Wednesday, January 7, 2009

The Cost of Training

I've been asked this by a couple of people here lately.

Although finances probably are not something appropriate to discuss in this type of forum, I've gotten to thinking about this and maybe this is a good way of informing folks about one of the other mysteries surrounding racing.

Training is expensive. When you are a one-person operation, it's also backbreaking work.
There are no days off. Not for the human.
Period.

Stall rent, bedding, feed, superior quality hay, basic supplements, exercise rider, equipment, those are just the basics that come out of a trainer's pocket.

By the time it's all said and done, I make an average of $6 per day off each horse.
Trainers depend on purse winnings. My cut from a race is, if the horse runs 1-5 place, 12%.

When you are looking at a purse like the last race Lady ran in, this is how the purse structure breaks down:
Purse: $22,000
1st place: 60% of purse
2nd: 20% of purse
3rd: 10% of purse
4th: 5% of purse
5th 2% of purse

The rest of the field generally gets the jock mount fee "reimbursed", i.e. the horse will make something like $50-60, which pays for the jockey.

In other words, training race horses for a living is slim pickings in the paycheck department, unless you have a huge barn full of talented, problem free horses (yea right!).

I had a discussion earlier with a friend about this (another trainer) and although our styles are very different, and we look at horsemanship from different backgrounds, on this we both agree:

You are better off owning your horses than to have a public stable when you are a small barn.

Add to the financial picture, the emotional drain that being at the mercy of other people puts on you mentally, well, there you have it.

It doesn't matter how good a trainer you are, how happy and well trained the horses in your care are, racing is racing and there are no guarantees. Purses suck these days, everyone is having financial problems and what it boils down to is that this business is a thankless game.
Add to that some of the creeps who are trainers out there (there is one particular trainer at my training center who just can't help himself - he LOVES to steal horses from other trainers. He just did this to a trainer in the upper barn- badmouthed the trainer to his owner, who turned around, pulled all the horses and gave them to the badmouther. It does make you wonder about the owner and his ability to judge people, though...)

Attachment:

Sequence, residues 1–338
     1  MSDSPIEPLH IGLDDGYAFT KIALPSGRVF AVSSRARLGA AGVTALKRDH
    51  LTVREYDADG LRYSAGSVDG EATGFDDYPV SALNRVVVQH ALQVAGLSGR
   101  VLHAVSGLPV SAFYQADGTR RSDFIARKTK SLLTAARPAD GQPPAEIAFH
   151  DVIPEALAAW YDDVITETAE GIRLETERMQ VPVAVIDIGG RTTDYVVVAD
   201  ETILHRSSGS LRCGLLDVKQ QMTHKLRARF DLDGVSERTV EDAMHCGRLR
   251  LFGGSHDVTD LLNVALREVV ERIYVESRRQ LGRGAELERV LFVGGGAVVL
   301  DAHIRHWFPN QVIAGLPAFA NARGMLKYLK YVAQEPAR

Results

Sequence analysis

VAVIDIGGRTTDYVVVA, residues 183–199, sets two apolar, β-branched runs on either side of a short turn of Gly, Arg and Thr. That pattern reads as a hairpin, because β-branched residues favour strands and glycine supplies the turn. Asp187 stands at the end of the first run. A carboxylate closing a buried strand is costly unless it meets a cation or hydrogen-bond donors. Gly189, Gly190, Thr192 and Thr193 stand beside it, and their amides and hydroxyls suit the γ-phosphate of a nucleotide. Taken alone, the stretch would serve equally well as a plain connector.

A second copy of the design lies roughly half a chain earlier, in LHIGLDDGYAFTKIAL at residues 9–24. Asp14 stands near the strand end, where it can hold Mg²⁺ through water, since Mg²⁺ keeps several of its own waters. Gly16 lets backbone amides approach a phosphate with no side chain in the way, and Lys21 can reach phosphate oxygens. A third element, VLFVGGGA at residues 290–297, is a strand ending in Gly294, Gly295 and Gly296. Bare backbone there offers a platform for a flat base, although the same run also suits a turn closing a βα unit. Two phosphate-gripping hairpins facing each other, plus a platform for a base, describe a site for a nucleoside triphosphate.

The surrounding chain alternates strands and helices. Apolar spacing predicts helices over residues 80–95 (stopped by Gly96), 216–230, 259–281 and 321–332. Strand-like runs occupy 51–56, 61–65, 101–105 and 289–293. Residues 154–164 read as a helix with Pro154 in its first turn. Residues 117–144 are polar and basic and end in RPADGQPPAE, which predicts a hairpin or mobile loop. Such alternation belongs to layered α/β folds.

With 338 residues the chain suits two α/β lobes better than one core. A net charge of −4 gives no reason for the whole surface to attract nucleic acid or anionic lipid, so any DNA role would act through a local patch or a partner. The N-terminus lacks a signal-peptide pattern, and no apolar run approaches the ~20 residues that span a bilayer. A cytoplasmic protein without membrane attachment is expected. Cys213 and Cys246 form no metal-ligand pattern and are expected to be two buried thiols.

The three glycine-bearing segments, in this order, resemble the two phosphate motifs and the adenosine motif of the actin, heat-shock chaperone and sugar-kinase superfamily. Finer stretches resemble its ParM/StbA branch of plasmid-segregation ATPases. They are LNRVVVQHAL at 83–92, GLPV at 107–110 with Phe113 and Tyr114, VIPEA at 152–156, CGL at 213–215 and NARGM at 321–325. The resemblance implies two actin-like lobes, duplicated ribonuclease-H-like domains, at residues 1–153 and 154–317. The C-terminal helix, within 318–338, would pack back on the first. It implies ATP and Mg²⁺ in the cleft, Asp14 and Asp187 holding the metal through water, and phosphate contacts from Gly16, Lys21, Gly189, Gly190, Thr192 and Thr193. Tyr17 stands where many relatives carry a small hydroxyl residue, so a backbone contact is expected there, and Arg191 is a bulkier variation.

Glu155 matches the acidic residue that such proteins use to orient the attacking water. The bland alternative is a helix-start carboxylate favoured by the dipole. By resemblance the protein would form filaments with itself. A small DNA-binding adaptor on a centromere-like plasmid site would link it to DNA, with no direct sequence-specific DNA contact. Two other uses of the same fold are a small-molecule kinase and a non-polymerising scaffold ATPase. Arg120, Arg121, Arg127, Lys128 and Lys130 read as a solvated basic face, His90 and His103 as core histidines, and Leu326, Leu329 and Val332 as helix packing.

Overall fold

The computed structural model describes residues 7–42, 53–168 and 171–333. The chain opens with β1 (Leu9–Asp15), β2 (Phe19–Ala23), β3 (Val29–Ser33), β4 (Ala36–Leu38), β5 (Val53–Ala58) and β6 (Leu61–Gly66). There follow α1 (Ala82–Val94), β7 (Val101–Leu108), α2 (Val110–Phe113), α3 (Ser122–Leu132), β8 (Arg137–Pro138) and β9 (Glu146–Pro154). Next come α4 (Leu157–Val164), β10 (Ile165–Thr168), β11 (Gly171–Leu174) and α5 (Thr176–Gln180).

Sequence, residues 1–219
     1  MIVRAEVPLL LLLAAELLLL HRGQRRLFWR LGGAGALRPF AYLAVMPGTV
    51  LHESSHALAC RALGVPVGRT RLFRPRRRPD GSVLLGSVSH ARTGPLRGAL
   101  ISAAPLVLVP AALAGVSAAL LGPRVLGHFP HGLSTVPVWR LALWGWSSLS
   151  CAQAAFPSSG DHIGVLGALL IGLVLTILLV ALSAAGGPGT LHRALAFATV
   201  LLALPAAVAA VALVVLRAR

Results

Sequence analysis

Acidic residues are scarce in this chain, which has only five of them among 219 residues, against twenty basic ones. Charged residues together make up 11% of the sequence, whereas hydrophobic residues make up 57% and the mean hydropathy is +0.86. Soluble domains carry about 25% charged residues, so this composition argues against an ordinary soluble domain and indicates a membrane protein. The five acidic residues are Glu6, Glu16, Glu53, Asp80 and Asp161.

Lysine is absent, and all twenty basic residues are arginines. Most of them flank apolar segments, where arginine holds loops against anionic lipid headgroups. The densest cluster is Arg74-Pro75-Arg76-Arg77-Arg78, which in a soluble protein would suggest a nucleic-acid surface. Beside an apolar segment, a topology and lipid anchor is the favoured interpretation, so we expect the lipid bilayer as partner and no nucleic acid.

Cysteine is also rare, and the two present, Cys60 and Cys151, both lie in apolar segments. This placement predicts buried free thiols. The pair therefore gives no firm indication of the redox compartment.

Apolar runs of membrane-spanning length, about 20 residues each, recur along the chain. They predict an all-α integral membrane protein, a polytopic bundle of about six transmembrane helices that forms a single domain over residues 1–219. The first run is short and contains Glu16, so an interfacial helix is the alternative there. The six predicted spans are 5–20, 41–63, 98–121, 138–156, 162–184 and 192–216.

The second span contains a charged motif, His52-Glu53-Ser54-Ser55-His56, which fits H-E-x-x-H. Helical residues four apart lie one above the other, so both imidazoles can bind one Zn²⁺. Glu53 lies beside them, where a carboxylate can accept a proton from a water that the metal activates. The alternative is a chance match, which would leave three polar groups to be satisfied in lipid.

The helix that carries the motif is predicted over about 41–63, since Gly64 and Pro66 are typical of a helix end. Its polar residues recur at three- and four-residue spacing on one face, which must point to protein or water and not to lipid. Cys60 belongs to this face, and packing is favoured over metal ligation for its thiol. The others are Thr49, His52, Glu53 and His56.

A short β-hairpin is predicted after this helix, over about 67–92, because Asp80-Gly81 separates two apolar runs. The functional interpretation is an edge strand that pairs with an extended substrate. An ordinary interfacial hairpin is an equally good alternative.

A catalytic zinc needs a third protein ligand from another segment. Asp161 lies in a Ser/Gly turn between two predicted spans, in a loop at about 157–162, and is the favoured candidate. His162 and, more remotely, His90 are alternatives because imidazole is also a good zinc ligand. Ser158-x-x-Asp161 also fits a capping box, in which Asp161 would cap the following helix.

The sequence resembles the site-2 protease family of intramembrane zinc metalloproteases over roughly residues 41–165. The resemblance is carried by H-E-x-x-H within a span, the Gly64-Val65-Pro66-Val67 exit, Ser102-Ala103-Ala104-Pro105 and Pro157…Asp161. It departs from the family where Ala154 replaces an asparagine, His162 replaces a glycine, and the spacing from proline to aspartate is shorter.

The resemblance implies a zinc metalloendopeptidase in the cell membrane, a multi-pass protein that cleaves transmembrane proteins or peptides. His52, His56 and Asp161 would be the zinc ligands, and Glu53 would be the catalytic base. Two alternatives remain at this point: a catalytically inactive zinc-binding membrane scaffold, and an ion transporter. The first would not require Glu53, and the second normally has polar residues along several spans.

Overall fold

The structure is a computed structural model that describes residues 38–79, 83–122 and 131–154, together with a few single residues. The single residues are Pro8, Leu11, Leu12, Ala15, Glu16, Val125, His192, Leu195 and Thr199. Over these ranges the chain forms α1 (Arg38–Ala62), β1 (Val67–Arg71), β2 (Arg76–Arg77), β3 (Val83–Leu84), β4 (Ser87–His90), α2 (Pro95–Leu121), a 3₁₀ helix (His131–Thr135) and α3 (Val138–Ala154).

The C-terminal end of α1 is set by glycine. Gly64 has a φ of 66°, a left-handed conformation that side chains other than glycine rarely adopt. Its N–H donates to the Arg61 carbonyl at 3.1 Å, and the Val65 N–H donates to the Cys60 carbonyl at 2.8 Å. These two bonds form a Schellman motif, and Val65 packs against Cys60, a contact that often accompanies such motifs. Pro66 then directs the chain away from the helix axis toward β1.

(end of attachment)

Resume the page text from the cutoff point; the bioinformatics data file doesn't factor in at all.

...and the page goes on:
I always thought he was a nice enough guy but then hearing the things I do, I guess there must be a reason why he was only allowed back to the training center conditionally (other people's stuff better not go missing) and everyone calls him a crook.

The point being, there are different folks, different strokes out there. I am never going to be one of "those kinds of trainers". I'm in this for my love of horses and racing. The horse will ALWAYS come first in my barn. I realize this is an unconventional way to do things at the backside, but this is where the buck stops for me.

You guys can google race horse trainers and come up with some websites and see what trainers charge for their dayrates. I know what I charge is nowhere near enough.

There is an interesting bit of research out there which I am going to paste below. Its data was compiled by surveying different training barns in Kentucky. Note when you read the prices listed for things such as hay and feed- I get a super deal on my hay and pay $5 per bale. A bag of feed costs me $20. A bale of straw runs $3.

This article is copied from the "Race Horse Trainer" website:

Cost of Training

Owners - do you wonder where your day rate money goes? We interviewed several medium sized racing stables in Kentucky to come up with an average breakdown of the rate paid by owners per horse for training services. The breakdown is based on a 10-12 horse stable, which if keeping costs as low as possible could manage with 1 rider, 1 hotwalker, and 2 grooms. Most stables have horses coming and going all the time, therefore contract labor is often used to supplement staff on salary (it's a rare rider or hotwalker who can work with 10 horses/day; 5-8 horses/day per rider or hotwalker is more realistic). Some trainers gallop horses themselves which is a big savings in exercise rider fees. Note that groom cost per horse is higher because a groom works with less horses than a rider or hotwalker (3-5 horses/day per groom is common).

Typical costs per horse per day in Kentucky and can vary by several dollars/day - the numbers here are on the LOW END of the range, and are current for 2004 :